Gangliosides, sialylated glycosphingolipids, are major glycans on the surfaces of vertebrate nerve cells. All mammals express the same four major brain gangliosides, GM1, GD1a, GD1b, and GT1b, which together comprise 94 % of brain gangliosides in mice and men alike. Among their functions, brain gangliosides GD1a and GT1b on neuronal axons are complementary binding partners for myelin-associated glycoprotein (MAG), which functions in axon-myelin stability and the control of axon regeneration. Human congenital disorders of ganglioside biosynthesis and related mouse genetic models reveal that complex gangliosides are required for long-term axon survival; loss of gangliosides results in paraplegia in humans and similar progressive motor neuropathy in mice. In addition to stabilizing axons, axon-myelin interactions restrict axon regeneration after injury in adults. MAG on residual myelin that persists at sites of central nervous system injury contributes to axon outgrowth inhibition by binding to gangliosides, thereby signaling axons to halt outgrowth. Modulating ganglioside structures on living nerve cells in vitro and in animal models attenuates inhibition and enhances anatomical and motor behavioral outcomes after axonal injury. Knowledge of ganglioside functions in the brain contributes to a more complete understanding of glycosciences in axon-related physiology and pathology.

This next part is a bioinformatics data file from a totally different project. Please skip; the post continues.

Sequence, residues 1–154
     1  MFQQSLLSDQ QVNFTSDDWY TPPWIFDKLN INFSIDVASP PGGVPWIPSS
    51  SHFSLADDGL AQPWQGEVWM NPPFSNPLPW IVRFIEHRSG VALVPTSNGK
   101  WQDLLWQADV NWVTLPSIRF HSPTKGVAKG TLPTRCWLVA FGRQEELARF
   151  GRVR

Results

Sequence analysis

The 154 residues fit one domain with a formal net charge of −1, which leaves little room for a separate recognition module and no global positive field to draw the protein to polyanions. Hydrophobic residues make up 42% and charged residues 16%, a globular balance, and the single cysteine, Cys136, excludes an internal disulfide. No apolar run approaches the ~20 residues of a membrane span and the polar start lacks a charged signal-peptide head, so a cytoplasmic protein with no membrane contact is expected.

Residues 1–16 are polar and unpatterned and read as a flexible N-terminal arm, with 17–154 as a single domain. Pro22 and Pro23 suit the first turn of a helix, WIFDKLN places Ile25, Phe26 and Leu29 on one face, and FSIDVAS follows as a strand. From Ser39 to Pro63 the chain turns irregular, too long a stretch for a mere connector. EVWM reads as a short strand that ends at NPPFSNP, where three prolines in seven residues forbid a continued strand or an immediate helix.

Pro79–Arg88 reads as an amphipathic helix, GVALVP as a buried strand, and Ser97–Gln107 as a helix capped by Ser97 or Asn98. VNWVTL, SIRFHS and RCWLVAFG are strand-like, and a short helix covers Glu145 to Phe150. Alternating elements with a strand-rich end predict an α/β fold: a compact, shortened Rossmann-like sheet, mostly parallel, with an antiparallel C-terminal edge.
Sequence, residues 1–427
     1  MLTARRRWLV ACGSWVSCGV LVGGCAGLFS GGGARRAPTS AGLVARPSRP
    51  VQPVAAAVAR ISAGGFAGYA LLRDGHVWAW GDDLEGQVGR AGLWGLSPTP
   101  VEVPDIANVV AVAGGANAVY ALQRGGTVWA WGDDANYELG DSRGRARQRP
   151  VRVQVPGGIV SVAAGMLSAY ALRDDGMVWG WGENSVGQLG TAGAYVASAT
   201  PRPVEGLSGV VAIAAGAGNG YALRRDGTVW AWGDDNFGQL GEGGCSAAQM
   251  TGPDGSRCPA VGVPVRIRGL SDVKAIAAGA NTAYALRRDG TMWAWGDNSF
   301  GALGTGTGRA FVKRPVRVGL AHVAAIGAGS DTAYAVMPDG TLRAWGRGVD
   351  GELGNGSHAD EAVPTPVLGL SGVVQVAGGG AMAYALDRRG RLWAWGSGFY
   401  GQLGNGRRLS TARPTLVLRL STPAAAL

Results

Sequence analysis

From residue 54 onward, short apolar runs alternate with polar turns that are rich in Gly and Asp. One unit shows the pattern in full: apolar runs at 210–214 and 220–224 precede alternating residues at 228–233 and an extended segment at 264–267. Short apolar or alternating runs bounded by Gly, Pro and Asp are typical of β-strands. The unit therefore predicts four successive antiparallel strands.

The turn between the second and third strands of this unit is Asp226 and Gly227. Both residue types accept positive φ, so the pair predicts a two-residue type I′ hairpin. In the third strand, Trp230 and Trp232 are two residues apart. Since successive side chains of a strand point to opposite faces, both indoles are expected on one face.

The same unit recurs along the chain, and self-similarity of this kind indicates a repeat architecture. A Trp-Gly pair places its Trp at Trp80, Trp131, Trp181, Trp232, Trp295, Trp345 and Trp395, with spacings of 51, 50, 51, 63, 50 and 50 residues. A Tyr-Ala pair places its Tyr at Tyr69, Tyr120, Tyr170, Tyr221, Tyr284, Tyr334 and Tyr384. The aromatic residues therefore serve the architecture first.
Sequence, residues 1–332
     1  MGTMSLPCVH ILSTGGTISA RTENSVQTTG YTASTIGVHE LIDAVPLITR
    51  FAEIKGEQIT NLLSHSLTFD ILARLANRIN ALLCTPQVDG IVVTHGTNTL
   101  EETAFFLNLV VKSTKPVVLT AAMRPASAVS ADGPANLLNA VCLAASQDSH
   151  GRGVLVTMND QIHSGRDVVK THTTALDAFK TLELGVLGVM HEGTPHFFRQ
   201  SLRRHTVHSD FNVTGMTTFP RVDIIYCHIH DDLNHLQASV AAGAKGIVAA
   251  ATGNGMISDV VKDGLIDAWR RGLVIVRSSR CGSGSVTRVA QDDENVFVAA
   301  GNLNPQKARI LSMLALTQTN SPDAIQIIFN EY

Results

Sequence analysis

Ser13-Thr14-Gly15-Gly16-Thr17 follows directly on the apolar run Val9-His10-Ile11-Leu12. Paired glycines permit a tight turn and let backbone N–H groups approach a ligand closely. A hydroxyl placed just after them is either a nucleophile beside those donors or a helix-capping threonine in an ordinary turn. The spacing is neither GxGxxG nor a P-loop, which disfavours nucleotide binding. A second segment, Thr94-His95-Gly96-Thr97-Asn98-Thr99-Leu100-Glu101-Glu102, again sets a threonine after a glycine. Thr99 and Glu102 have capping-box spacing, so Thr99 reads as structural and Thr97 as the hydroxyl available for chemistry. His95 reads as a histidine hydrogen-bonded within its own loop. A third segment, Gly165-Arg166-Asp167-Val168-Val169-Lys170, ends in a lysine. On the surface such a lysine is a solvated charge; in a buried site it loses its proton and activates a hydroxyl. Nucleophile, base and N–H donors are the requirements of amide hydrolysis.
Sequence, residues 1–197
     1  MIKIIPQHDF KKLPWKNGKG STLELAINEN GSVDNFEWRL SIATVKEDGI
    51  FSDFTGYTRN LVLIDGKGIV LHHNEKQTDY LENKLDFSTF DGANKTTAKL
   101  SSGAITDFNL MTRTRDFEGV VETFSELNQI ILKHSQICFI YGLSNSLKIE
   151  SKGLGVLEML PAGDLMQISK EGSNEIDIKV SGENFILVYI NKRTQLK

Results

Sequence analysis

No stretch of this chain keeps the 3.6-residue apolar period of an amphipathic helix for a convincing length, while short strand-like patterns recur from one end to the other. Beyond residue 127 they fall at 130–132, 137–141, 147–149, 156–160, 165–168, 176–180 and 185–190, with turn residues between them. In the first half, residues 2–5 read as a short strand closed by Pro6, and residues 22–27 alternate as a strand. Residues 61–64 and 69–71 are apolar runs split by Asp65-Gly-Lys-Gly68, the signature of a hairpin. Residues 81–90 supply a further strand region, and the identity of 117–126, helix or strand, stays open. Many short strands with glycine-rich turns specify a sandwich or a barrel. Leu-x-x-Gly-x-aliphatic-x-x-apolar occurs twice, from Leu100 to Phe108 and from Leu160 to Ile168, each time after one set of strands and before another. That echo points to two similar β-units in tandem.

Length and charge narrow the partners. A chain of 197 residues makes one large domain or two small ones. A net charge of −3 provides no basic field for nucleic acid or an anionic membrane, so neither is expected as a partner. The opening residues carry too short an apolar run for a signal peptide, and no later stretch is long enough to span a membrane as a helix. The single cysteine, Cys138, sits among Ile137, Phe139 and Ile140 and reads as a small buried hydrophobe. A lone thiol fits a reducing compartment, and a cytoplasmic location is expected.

- Myelin-associated glycoprotein
- Nerve cells
ASJC Scopus subject areas
- Biochemistry, Genetics and Molecular Biology(all)